Getting Anxiety In Public Places

The other day I went grocery shopping all by myself, the first time I have ever done this. I was excited to feel like an adult, shop for my own food and drinks, and without anyone telling me any differently. It was a nice feeling. I was ready for it.

As my roommate and I pulled up to the store, I got out and headed inside. At first, it felt nice. I’m walking around the store when I suddenly realized I didn’t have a cart.

Oh, I thought. Getting a cart might be a good idea.

Despite that little slip-up, I was still feeling positive. Knowing that first and foremost I wanted some Bolthouse Farms juice, I head to the back of the store where they keep the dairy, juice, and things along those lines. As I make my way back there, I soon discover that my said juice is not there.

It’s okay, I told myself. It’s got to me somewhere else in here. In the meantime, what else do I need?

This question left me stumped. It was at that moment I realized I made no list and had absolutely no idea what I wanted except my juice. While this is happening, I’m trying to reach into my brain to think of anything that I like to eat or drink.

Nothing comes to mind.

So of course, like any normal person, my heart starts pounding at about a million miles an hour, and I find my palms sweating, despite how cold it is. Deciding that it’s best to just go look for my juice, I start meandering around the store with no idea what I’m doing.

After finding my juice, I knew that I needed other things. One can’t survive with just juice. I once again ask myself what types of food I want, and again, my brain gives me nothing. I start talking to myself in the middle of the store, trying to calm myself down.

Do I like cereal? Yes, I like cereal. But what kind? Healthy kinds? Sugary kinds? And even if I get cereal, what else do I need? I can barely cook, so meat’s not a good idea, right? Then again, I should probably get meat because everyone needs it. But wait, I can just get the Bolthouse Farms Protein drinks. Yes, that sounds like a good idea. But what else can I eat? Fruit? And what kind? Pineapples, apples, oranges? There’s so many options. Will I even eat it if I buy it? Maybe I should just get some But again, what kind? Nah, I’ll just go get some bagels. But where’s the cream cheese? It’s not over here by the bagels.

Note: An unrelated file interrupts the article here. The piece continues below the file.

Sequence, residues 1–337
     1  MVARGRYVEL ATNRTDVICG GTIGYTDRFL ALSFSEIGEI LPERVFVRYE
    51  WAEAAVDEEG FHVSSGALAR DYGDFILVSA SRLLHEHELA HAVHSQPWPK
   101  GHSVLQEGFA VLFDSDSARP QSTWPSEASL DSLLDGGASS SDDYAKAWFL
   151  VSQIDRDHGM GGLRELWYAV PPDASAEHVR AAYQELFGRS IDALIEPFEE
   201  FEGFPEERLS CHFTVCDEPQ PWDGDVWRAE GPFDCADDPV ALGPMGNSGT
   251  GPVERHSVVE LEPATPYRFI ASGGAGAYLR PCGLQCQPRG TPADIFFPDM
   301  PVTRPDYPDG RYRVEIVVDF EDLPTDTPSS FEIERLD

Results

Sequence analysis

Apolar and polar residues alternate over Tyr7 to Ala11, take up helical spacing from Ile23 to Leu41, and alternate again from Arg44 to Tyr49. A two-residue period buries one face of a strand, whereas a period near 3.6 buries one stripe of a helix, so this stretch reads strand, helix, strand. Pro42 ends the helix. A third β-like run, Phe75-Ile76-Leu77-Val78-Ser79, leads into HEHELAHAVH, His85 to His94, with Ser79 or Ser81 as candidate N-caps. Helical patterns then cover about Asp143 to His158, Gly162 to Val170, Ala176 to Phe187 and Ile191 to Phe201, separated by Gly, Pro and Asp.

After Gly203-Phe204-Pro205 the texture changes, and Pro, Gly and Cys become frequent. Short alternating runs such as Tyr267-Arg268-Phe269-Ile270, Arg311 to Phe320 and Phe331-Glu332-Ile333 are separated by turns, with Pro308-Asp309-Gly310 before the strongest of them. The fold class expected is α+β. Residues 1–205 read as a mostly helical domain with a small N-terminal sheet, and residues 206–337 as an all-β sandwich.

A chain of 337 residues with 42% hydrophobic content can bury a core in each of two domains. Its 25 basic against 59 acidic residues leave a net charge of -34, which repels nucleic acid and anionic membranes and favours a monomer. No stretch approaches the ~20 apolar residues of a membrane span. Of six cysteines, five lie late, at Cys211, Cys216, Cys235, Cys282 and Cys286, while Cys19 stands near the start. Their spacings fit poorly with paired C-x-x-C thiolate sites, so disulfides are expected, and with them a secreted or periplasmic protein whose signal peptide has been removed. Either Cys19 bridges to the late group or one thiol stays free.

Before I knew it, I was hyperventilating, tears forming in my eyes. I noticed several people looking my way, but were they really looking at me? I wasn’t sure. I’m still not. Maybe they were, or maybe it was just my anxiety telling me that their focus was on me.

After a good hour, I leave the store with $122 worth of food. I made it out alive. But did I get everything I needed? Maybe. Maybe not.

Fast-forward to today. I got my financial aid check from my college, and realized I needed some new clothes for the new year. Similar to my shopping experience at the grocery store, I went to Kohl’s and was dropped off by my roommate.

I enter the store, and spend a good five minutes trying to find the guys’ section. Once I get there, I ask myself, Okay, I’m here, now what do I want? What do I need? Some pants is a good idea. But what type of pants do I want?

And similar to the grocery store experience, my chest suddenly tightens up and my eyes begin to water. Instead of letting things get too far this time around, I picked up my phone, and called my mother, who was able to thankfully calm me down and help ease my anxiety through the whole experience.

Both of these experiences have given me some insight into the adult world, but I still have a long way to go. My anxiety is something that I deal with on a day to day basis, and probably will for the rest of my life. My mental illness is real, and regardless of what other people think, it exists in many others as well.

We are not alone. You are not alone.


Depression’s Like A Big Fur Coat

“Depression’s like a big fur coat–it’s made of dead things but it keeps me warm.”
This is a quote from Icon For Hire’s song “Iodine,” which has become one of my favorite songs over the last couple years. Most people here know my story, although some only know bits and pieces. There’s people I can encounter on a daily basis that don’t know me, or don’t know the struggles I’ve gone through, or don’t know the reality of what goes on inside my head.
Back in 2012-2013, I had one of the hardest years of my life. I came to the realization, after many hospitalizations, that I had depression. Some people still refuse to believe that depression is a real thing, but unfortunately it is. It’s not just sadness. It’s not just crying every once in a while. Sometimes it’s as simple as feeling completely numb. Sometimes it’s as simple as being tired all the time, no matter how much sleep you get. Sometimes it can be difficult to get out of bed in the morning and do things that you have to do because you’re supposed to be a responsible young adult.